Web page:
An Introduction to Whistleblower/Qui Tam Claims


An Introduction to Whistleblower/Qui Tam Claims

By Shauna Itri

Shauna Itri represents whistleblowers in cases involving fraud against the government and with claims brought under the SEC and IRS whistleblower reward programs. Ms. Itri has successfully represented whistleblowers in qui tam or False Claims Act law suits in state and federal courts throughout the United States, including series of cases against large drug companies for fraudulent Medicare and Medicaid drug pricing. This litigation has returned well over $1 billion to state and federal governments.

A whistleblower or qui tam action can provide financial rewards to individuals who suffer retaliation for providing information that a company or an individual has defrauded the government. The primary statutes are the federal and state False Claims Acts ("FCAs"), including California False Claims Act, Ca. Gov’t Code §§ 12650-12656. The FCAs are not specific to any particular type of fraud, but there are federal statutes that apply specifically to tax fraud and securities fraud. This Article briefly summarizes the statutes and types of fraud that can be pursued under these laws.


The federal False Claims Act is codified at 31 U.S.C. 3729, et seq. As of 2013, the District of Columbia and 29 states have passed similar state-specific FCAs as well. The state and federal FCAs place power within the hands of private citizens, allowing them to become "private attorney generals" and, with the assistance of an attorney usually paid on a contingent fee basis, file a lawsuit if they have knowledge of fraud or dishonesty in certain transactions with the government. The citizens who bring a case on behalf of the government ("qui tam lawsuits"), are called whistleblowers. Whistleblowers (employees, former employees, or competitors) are provided with a financial reward if the suit is successful. The reward to the whistleblower is normally between 15% and 25% of the amount recovered. 31 U.S.C. § 3730(d). Any persons or entities with evidence of fraud against federal programs or contracts may file a qui tam lawsuit. The following actions are considered violations under the FCAs:

  • Knowingly presenting (or causing to be presented) to the federal government a false or fraudulent claim for payment. 31 U.S.C. § 3729(1)(A);
  • Knowingly using (or causing to be used) a false record or statement to get a claim paid by the federal government; 31 U.S.C. § 3729(1)(B);
  • Conspiring with others to get a false or fraudulent claim paid by the federal government; 31 U.S.C. § 3729(1)(C); and
  • Knowingly using (or causing to be used) a false record or statement to conceal, avoid, or decrease an obligation to pay money or transmit property to the federal government. 31 U.S.C. § 3729(1)(G).

Prior to filing a qui tam action, the whistleblower must make a voluntary disclosure to the government – essentially informing the government of the fraud. A qui tam action must be confidentially filed in camera and under seal. The complaint and its contents must be kept confidential, and the complaint is not served on the defendant until the seal is lifted. If the plaintiff violates the provisions of the seal, then his or her complaint could be dismissed. A copy of the complaint with a written disclosure statement of substantially all material evidence and information in the whistleblower’s possession must be confidentially served on the government (United States Attorney and/or Attorney General). 31 U.S.C. § 3730(b).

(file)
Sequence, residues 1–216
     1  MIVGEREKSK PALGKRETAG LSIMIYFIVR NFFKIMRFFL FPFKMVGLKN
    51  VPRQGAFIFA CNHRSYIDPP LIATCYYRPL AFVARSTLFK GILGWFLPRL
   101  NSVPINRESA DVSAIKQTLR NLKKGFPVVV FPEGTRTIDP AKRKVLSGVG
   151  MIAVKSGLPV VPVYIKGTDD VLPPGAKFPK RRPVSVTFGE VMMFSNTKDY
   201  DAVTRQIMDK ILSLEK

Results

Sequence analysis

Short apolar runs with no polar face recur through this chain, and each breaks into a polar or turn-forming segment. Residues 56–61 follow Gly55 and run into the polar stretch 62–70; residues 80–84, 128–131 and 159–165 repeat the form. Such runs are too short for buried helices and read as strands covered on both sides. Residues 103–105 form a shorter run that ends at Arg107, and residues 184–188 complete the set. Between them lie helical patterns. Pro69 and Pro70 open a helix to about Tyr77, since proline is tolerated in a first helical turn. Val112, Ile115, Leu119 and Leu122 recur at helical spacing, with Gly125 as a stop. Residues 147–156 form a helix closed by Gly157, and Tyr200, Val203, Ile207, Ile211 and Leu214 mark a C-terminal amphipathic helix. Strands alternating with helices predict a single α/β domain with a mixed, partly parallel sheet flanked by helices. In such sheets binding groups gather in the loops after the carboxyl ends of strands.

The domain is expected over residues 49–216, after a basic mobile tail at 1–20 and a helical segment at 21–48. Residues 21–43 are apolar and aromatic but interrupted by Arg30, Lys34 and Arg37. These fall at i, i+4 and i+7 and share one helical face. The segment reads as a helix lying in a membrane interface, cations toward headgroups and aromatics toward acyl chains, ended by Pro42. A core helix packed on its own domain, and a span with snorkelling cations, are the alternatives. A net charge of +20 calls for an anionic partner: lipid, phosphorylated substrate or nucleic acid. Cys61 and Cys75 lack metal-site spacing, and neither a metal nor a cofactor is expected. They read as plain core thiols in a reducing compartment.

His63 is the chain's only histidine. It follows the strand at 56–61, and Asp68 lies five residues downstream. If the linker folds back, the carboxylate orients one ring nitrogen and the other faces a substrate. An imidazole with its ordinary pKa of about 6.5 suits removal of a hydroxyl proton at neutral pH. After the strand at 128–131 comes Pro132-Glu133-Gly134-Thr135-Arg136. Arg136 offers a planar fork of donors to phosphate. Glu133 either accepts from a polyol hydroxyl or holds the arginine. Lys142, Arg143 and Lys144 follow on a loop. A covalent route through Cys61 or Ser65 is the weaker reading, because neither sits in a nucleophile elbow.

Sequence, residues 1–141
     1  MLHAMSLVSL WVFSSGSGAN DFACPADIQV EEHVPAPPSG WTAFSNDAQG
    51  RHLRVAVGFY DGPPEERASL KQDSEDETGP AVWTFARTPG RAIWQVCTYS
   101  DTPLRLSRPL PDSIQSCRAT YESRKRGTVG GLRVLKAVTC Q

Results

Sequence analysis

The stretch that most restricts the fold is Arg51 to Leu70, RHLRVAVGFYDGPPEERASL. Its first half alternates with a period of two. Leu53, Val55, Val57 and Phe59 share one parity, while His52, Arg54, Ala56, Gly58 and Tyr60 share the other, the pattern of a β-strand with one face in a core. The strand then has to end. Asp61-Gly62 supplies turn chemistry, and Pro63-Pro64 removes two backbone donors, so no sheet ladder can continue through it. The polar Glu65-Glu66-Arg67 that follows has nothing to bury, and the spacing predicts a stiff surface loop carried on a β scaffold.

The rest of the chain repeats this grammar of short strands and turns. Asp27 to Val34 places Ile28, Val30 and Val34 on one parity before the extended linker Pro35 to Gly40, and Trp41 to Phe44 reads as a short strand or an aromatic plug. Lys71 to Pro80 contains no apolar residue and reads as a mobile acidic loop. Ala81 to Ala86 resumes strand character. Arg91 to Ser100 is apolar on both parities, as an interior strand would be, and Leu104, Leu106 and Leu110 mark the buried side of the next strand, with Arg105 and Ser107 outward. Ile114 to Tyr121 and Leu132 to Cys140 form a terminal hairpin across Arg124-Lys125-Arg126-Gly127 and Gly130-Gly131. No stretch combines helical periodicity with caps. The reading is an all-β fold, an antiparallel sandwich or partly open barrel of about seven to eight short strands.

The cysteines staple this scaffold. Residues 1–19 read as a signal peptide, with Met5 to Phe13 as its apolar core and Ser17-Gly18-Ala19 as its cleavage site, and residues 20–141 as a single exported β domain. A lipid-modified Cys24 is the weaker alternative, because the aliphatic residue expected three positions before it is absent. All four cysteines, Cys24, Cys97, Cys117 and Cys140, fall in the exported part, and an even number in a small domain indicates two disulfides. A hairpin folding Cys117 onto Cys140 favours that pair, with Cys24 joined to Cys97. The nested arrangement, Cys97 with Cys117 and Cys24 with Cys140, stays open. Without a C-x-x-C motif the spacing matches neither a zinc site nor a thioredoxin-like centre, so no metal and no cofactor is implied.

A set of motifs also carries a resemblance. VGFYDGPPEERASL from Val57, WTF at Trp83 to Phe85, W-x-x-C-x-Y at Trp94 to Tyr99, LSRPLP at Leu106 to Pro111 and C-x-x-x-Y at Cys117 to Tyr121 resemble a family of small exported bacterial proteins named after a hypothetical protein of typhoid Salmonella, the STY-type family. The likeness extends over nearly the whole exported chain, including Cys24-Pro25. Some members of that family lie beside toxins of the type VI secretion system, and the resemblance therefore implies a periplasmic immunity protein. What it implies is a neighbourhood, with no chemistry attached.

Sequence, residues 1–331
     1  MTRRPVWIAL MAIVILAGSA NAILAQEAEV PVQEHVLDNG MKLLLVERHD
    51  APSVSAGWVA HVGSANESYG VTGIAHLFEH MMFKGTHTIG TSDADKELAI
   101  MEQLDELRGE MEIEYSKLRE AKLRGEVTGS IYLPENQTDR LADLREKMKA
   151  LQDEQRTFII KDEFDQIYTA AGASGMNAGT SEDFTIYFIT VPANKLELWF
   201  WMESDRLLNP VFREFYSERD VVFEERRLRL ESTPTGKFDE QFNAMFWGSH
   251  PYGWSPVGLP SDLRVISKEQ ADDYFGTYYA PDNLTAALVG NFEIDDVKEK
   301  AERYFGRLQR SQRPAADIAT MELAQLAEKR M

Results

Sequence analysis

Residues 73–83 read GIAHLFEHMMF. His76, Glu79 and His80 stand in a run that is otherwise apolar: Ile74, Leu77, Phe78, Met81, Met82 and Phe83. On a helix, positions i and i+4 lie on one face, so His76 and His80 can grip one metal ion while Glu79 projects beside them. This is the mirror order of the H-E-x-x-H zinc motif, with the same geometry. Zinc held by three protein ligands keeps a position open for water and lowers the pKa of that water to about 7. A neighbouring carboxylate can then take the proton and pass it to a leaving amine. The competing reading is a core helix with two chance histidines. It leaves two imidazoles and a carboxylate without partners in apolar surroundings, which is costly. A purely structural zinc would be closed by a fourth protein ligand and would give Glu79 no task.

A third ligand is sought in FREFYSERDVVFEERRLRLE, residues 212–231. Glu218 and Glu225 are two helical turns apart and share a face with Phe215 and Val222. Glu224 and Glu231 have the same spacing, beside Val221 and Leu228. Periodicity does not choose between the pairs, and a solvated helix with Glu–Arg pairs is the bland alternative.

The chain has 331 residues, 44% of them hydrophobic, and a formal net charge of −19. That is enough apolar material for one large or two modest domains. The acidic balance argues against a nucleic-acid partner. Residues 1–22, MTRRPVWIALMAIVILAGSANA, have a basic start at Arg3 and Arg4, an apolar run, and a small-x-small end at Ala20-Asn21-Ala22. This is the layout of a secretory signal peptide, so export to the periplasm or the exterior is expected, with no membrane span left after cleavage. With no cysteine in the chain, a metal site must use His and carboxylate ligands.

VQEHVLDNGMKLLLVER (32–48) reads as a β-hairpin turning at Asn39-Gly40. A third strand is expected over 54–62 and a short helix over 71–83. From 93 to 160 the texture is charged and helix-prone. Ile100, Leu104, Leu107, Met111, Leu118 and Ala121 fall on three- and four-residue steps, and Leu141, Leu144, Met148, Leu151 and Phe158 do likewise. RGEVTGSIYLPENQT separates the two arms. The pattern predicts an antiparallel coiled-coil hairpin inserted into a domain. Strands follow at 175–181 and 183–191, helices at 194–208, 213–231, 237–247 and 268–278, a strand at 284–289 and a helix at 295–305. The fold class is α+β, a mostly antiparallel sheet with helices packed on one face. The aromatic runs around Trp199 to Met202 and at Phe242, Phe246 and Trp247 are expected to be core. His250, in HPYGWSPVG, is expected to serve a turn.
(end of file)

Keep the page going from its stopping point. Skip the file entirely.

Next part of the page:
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After the qui tam complaint is filed, the government often will seek to interview the whistleblower. The government then investigates the case by interviewing witnesses, obtaining claims records from the affected governmental agency, using compulsory process such as subpoenas, and retaining experts for consultations on complex issues.

If, after the investigation, the government determines that the allegations have merit, the government will intervene in the case and take over its prosecution. If the government does not see merit nor does it have the resources to pursue the case, the government will decline intervention. At this point, the case is unsealed and the defendant may be served with the complaint. After the case is unsealed, the litigation proceeds on the allegations in the complaint or the case is dismissed. If litigation proceeds, defendants usually will first seek to dismiss the case on the grounds that: the case is not plead properly, the whistleblower does not have evidence to support his or her allegations, the alleged conduct is not actually illegal, or the conduct engaged in was a technical violation of the law and not material.


There are various types of fraud that can be pursued under the FCAs, including healthcare fraud, financial industry fraud, defense contractor fraud, and grant fraud.

Healthcare Fraud: The state and federal governments pay hundreds of billions of dollars each year for pharmaceutical drugs, medical devices, hospital care, and nursing home care through Medicare, Medicaid, and other programs. Some examples of health care fraud will give you an idea about the types of fraud that have been or could be the basis of whistleblower lawsuits.

Pharmaceutical or medical device companies have been charged with the following types of fraud: (1) Price fraud – companies may conceal discounts that they receive from the government that they are expected to pass on to Medicaid clients. (2) "Off-label" marketing- this occurs when a company, in an effort to increase sales, markets its product for uses not approved by the FDA. (3) Defective Devices – if a device is defective and the company knows about the defect, but nonetheless bills and is reimbursed for the same, then the government has been defrauded.